Feb. 24, 2022 — These days, when doctors prescribe a treatment for a patient who’s positive for COVID-19, their list of options is longer than ever. That’s the good news.
But the abundance of options comes with many questions. Before deciding which of those treatments is best to keep you alive and perhaps even out of the hospital, it’s crucial for your doctor to consider many things, says Daniel C. DeSimone, MD, a consultant in infectious diseases and associate professor of medicine at Mayo Clinic.
First, how sick are you?
“Are they inpatient or outpatient?” he asks. “Symptomatic or asymptomatic? And what are their underlying risk factors that could put them at high risk of progression to severe disease?”
Is the drug available in the community, or scarce? And does the latest research suggest it’s working well against the latest COVID-19 variant?
“I wish it was easier,” DeSimone says of deciding which COVID-19 treatment is best, “but also wish I had the list about 2 years ago.”
“Finding the right fit is like the Goldilocks [principle],” agrees Katherine Yang, PharmD, a professor of pharmacy at the University of California, San Francisco. “Compared to 2 years ago, yes, we have more tools in our toolkit, which is great. But we still have to find the right drugs [for the right patient].”
Besides the patient’s condition, Yang says, prescribers have to consider drug interactions, among many other things. Will a drug the patient is on interfere with the COVID drug?
Research has been brisk to detail how effective numerous COVID treatments are, but so has unsubstantiated buzz about unproven, untested treatments, from azithromycin to hydroxychloroquine to chloroquine.
“I think the enthusiasm for a treatment should be commensurate with the evidence that supports its use,” says Rajesh Tim Gandhi, MD, a professor of medicine at Harvard Medical School, who spoke at a recent briefing on COVID treatments hosted by the Infectious Diseases Society of America. “We now have several medications proven to prevent hospitalization and death.”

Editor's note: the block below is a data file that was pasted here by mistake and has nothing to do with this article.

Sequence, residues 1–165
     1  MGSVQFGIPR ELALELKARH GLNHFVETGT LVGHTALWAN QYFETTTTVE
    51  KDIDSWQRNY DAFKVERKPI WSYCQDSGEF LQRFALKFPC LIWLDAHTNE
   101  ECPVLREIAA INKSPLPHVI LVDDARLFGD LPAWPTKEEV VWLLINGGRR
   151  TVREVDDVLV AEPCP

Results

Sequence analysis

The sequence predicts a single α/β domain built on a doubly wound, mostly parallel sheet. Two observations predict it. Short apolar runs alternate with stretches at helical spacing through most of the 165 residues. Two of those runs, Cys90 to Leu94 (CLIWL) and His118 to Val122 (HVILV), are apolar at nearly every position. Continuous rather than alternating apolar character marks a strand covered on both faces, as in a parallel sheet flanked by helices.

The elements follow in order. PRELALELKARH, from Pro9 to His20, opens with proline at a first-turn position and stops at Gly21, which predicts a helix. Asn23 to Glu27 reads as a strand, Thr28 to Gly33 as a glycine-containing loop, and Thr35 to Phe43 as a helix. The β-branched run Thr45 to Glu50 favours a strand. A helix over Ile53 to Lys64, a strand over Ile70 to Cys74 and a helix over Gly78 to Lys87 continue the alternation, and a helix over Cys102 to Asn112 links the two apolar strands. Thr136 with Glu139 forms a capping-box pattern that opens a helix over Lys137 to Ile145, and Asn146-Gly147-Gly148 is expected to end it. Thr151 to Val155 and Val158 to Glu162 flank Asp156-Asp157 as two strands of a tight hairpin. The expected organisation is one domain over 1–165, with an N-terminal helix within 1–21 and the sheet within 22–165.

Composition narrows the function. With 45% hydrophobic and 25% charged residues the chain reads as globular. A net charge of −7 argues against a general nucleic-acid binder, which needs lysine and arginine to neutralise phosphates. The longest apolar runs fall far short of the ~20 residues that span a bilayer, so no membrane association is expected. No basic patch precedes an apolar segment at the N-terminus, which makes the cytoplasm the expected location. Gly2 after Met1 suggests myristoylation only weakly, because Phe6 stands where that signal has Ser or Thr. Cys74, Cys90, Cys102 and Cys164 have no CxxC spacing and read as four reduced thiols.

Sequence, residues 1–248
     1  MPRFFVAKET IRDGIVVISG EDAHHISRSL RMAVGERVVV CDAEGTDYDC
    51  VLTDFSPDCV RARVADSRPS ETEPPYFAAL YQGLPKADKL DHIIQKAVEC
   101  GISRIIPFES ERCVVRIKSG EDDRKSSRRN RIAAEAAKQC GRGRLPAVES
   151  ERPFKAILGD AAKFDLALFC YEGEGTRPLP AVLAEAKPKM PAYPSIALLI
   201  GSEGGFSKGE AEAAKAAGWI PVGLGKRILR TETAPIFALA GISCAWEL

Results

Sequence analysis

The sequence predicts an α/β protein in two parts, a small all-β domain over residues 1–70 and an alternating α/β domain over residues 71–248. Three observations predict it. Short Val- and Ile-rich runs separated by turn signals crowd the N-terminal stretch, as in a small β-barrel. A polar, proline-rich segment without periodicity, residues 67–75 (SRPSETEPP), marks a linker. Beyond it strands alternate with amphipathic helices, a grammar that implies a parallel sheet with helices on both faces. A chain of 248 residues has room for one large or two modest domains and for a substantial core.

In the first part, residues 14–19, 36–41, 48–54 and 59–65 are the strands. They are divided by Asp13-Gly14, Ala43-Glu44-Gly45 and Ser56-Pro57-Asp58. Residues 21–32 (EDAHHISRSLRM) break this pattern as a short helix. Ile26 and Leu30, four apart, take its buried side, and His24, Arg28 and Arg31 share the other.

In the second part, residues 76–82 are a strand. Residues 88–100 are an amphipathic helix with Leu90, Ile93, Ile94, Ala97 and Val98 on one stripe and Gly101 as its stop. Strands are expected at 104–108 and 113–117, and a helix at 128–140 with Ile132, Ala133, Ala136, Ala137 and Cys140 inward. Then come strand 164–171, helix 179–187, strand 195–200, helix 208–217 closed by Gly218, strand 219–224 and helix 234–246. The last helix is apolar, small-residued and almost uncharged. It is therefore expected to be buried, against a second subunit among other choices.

Among the options to treat COVID-19 are:
- Monoclonal antibody drugs, laboratory-made molecules that imitate the immune system’s ability to fight off the virus
- Antiviral drugs, which stop the virus from replicating
- Drugs that reduce inflammation, such as corticosteroids
Only one treatment, remdesivir (Veklury), has the full approval of the FDA. It works by blocking reproduction of the virus. But Many other treatments have emergency use authorizations from the FDA. The FDA has the authority to authorize the use of an unapproved product to treat a life-threatening disease.
COVID-19 Drug Decision Processes
Not everyone will need treatment, DeSimone says. Suppose a 20-year-old patient, healthy and vaccinated, has no other conditions and tests positive but has no symptoms or mild ones.
“More often than not, we would say hold off,” he says. “The patients we need to focus on [for treatment] are older age, with multiple risk factors for progression to severe disease, are immunocompromised, and have coexisting medical conditions.”
Guidelines from the Infectious Diseases Society of America, the National Institutes of Health, and other organizations recommend when treatments should be used, which ones, and in whom. The guidelines are updated as research emerges or as the FDA grants new emergency use authorizations or limits others.
“If you look at the NIH treatment guidelines, they lay out recommendations different than IDSA,” says Yang of UCSF.
But “both use a grading scale,” which recommends treatments backed by the most evidence. Beyond the guidelines, “which [treatment] a patient gets depends on their underlying disease, and whether or not they have potential drug interactions,” which is a constant concern, Yang says.
“The drug interactions are complicated,” she says, as there is a long list of medications (such as heart medicines and immune suppressants) that can adversely affect the way the COVID-19 treatments work.